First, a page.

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Keep it simple

If you are NOT experiencing idle problems, fault codes related to the throttle body, tps, etc., then don’t worry about it

My sister-in-law’s car recently had problems where it had a rough idle and would stall at a stop light

I cleaned the throttle body and all those problems went away

No fault codes whatsoever, btw

If there hadn’t been symptoms, I wouldn’t have touched the throttle body

Sometimes, less is more

I’ve seen way too many instances where a well-meaning person cleans the throttle body on a car that’s running perfectly, is NOT capable of doing a proper relearn and now they’ve got a vehicle with a messed-up idle, whereas everything was just fine before


Stalling at idle could be dangerous, with no CEL light on, meaning no warning to the average driver, is all the more reason to properly maintain a clean throttle body… If you maintain it then it will never get to the point of stalling due to needing to be cleaned…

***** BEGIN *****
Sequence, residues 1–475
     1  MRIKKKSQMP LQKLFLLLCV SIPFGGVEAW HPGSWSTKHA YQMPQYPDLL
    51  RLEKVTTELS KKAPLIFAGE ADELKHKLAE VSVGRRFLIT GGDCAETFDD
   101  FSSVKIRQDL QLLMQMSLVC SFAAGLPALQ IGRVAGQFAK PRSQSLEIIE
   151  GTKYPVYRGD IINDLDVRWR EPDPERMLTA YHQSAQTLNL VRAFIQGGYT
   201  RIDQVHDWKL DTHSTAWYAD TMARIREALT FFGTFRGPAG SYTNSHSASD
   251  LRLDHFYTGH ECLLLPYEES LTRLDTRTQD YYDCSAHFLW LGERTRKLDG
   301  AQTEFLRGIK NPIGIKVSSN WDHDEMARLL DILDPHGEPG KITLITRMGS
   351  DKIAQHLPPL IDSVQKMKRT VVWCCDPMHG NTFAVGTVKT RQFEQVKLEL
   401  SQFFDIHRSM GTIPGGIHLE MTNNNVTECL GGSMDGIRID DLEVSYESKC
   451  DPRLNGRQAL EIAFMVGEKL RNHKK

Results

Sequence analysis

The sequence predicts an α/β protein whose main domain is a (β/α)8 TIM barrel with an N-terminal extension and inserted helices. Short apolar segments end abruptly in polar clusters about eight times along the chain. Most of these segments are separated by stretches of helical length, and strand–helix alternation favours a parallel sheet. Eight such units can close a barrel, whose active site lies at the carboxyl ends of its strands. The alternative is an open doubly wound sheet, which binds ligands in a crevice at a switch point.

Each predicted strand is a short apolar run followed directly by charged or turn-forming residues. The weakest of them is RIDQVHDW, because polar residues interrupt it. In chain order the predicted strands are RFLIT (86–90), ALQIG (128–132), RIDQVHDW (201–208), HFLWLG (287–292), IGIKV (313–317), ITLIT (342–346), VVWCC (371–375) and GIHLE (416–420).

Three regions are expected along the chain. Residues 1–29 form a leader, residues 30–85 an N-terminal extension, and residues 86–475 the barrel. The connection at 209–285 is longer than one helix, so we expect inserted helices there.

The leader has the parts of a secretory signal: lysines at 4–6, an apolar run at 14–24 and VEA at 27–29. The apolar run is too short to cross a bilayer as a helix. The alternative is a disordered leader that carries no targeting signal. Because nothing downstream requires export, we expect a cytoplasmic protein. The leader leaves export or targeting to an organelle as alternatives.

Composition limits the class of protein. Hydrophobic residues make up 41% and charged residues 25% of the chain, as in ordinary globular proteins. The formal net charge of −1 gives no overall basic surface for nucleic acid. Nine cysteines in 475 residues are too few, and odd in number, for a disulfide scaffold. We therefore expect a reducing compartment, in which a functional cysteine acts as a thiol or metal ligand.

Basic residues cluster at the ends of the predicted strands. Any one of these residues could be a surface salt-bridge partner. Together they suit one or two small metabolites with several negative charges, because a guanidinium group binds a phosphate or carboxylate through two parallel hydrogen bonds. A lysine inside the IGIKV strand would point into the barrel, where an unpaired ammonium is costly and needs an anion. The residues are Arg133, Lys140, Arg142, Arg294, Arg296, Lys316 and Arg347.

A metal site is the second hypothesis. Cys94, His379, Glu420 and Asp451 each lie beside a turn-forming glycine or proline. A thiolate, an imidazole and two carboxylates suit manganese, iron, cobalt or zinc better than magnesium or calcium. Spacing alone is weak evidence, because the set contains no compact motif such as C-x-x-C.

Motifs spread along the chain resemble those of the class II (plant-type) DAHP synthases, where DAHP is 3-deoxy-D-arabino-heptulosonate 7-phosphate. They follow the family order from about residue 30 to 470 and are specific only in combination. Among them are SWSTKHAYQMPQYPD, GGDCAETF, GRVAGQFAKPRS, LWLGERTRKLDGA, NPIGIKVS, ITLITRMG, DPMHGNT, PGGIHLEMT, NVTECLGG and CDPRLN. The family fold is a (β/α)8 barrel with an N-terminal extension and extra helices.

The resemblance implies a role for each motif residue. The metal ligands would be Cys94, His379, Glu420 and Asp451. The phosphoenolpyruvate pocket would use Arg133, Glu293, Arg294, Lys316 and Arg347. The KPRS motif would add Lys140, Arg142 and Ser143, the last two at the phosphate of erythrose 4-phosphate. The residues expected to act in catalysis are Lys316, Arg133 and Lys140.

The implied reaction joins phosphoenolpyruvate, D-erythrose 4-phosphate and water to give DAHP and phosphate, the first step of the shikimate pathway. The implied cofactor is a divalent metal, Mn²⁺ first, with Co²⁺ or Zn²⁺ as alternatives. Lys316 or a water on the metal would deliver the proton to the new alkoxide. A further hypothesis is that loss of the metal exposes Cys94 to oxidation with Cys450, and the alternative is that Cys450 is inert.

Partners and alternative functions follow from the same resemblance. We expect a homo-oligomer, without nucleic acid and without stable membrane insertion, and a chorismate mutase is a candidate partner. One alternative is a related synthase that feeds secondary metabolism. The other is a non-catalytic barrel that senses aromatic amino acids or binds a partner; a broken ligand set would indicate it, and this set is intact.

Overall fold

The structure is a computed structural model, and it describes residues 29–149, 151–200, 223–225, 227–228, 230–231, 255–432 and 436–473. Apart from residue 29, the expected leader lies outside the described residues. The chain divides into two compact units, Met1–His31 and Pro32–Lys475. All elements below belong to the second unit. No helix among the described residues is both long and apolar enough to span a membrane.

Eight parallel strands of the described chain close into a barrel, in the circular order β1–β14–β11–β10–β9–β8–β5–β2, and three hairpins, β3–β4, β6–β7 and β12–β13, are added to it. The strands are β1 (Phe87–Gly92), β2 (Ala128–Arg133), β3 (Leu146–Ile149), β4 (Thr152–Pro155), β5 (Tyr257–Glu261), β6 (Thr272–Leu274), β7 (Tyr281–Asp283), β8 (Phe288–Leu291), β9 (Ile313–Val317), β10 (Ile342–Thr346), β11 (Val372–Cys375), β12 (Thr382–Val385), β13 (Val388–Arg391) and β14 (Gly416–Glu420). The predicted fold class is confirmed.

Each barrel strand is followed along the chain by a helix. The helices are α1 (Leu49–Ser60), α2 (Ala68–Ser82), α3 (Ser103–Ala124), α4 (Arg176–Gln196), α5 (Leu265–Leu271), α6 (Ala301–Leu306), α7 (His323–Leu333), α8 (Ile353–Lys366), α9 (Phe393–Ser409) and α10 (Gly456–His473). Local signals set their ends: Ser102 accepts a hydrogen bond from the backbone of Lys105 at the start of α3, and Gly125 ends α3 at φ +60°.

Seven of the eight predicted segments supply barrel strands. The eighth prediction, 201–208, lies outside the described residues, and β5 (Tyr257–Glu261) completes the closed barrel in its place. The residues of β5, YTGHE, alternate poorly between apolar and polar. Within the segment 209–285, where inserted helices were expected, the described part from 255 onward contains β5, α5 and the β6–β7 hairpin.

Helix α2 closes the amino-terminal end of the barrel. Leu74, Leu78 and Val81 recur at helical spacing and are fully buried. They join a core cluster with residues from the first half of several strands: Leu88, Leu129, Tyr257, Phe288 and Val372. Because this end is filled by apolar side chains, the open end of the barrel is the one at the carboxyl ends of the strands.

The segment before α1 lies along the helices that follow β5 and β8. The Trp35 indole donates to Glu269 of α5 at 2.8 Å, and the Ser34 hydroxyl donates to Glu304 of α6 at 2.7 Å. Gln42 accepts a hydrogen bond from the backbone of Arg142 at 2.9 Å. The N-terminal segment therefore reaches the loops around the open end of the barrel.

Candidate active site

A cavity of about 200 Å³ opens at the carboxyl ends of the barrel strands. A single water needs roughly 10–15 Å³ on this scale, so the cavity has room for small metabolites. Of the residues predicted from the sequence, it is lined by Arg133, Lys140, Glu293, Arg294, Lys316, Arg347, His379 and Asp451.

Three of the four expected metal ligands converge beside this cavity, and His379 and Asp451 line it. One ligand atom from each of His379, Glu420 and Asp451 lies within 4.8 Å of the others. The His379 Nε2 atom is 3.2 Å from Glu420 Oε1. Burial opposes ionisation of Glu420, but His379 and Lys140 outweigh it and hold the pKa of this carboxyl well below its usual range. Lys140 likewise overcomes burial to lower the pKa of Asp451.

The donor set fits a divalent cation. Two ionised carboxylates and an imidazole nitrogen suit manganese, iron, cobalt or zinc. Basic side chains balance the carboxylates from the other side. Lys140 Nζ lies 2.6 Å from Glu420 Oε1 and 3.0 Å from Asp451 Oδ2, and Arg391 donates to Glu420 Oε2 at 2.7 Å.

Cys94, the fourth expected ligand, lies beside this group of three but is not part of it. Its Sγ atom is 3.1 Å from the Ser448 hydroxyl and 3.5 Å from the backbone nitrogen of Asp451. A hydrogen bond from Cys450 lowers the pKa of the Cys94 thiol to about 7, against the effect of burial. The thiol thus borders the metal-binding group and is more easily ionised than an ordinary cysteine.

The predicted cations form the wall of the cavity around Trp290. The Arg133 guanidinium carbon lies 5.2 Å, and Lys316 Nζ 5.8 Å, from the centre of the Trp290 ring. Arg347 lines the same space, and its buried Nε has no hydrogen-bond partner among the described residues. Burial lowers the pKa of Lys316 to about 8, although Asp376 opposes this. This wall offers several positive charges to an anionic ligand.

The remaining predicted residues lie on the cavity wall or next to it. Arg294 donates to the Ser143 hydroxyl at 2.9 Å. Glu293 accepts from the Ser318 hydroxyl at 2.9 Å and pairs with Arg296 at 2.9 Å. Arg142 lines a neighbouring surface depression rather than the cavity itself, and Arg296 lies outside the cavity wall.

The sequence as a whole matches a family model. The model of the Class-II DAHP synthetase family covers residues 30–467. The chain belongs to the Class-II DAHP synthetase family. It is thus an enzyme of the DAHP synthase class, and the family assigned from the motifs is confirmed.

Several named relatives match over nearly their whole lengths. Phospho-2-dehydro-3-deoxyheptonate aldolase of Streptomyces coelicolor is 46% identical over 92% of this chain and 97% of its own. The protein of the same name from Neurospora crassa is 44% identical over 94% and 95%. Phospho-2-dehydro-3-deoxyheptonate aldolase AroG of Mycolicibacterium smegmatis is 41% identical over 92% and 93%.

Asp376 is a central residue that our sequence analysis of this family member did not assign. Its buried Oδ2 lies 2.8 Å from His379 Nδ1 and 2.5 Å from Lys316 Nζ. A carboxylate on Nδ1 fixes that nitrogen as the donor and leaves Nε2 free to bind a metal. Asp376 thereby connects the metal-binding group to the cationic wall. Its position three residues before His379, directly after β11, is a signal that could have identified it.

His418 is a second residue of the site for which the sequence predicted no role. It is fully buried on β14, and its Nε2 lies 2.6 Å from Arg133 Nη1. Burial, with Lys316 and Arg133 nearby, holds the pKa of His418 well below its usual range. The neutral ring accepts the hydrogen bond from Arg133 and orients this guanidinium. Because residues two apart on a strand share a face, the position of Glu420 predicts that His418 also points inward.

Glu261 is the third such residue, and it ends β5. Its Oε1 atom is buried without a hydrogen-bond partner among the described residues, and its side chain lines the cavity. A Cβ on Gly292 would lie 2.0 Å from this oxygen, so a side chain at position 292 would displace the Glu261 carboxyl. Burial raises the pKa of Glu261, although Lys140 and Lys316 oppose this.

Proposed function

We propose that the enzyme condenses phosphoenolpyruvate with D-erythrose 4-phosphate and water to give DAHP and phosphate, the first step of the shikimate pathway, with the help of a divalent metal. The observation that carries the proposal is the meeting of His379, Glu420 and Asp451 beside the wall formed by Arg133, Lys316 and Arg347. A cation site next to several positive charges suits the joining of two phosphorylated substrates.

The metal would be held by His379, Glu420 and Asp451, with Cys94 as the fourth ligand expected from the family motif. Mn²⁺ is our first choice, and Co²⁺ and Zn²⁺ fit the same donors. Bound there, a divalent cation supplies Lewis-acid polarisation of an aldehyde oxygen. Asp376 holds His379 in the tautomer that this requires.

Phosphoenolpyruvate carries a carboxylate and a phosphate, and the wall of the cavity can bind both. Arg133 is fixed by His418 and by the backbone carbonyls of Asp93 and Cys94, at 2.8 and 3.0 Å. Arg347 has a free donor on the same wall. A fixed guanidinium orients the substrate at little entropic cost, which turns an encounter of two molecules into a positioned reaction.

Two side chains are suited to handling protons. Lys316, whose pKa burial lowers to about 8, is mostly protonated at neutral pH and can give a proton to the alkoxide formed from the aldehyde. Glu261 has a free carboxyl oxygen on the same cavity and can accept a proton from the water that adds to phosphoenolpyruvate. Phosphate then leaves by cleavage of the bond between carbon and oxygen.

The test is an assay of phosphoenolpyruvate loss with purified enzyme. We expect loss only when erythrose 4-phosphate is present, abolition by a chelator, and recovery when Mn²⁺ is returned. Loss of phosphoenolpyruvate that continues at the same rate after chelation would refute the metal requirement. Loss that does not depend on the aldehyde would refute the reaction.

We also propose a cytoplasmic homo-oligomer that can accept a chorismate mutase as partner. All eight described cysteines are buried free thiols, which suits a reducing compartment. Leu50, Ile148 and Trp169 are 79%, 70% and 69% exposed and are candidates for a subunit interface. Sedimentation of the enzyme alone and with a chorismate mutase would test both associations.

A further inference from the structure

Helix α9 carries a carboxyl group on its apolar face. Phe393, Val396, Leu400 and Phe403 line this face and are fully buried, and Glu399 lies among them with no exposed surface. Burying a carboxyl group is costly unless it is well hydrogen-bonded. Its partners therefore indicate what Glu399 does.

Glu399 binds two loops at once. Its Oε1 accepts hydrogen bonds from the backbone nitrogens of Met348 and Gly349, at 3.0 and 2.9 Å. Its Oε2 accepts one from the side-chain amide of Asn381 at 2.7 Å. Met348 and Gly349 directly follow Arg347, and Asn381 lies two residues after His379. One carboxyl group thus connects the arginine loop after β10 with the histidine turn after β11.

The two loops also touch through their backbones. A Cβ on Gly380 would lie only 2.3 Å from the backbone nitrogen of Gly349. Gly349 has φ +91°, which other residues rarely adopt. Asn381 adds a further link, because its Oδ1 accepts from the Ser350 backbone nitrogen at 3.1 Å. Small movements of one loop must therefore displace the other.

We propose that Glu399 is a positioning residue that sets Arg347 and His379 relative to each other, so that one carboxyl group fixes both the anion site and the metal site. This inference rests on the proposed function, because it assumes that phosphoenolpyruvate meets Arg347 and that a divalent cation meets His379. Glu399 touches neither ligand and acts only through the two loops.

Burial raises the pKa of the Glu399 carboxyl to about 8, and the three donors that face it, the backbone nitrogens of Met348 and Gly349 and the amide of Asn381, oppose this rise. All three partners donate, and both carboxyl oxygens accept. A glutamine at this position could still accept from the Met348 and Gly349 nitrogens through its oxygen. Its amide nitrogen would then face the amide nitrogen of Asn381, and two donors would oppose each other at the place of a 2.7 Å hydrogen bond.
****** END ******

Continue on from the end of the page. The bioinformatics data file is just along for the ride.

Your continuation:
A lot of people don’t even realize they have an idle problem anymore then they realize their shocks/struts are slowly wearing out… Heck, a lot of people don’t even realize they have a low tire even with a light on the dash… lol

And I 100% agree that a properly trained pro should do the cleaning, I have seen damaged TB after service from people that did it wrong as well…

I wonder how someone damages the TB just by cleaning it? About the only way I can think of is they damage the MAF sensor. But that isn’t damaging the entire TB, and that part is easily replaced. It would be possible to do some difficult to repair damage by prying on the throttle plate with a screwdriver or something, but that would be a demonstration of lack of common sense.

You don’t understand because you are not used to a drive by wire vehicle, they have motors with gears that can be damaged by opening the throttle blade improperly…

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Ford had this sticker on their throttle bodies before they started making throttle body cleaners.

Using anything other than throttle body cleaner would remove the Teflon coating



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I agree 100%… And I give you…

That would tend to fall under properly trained pro doing the job…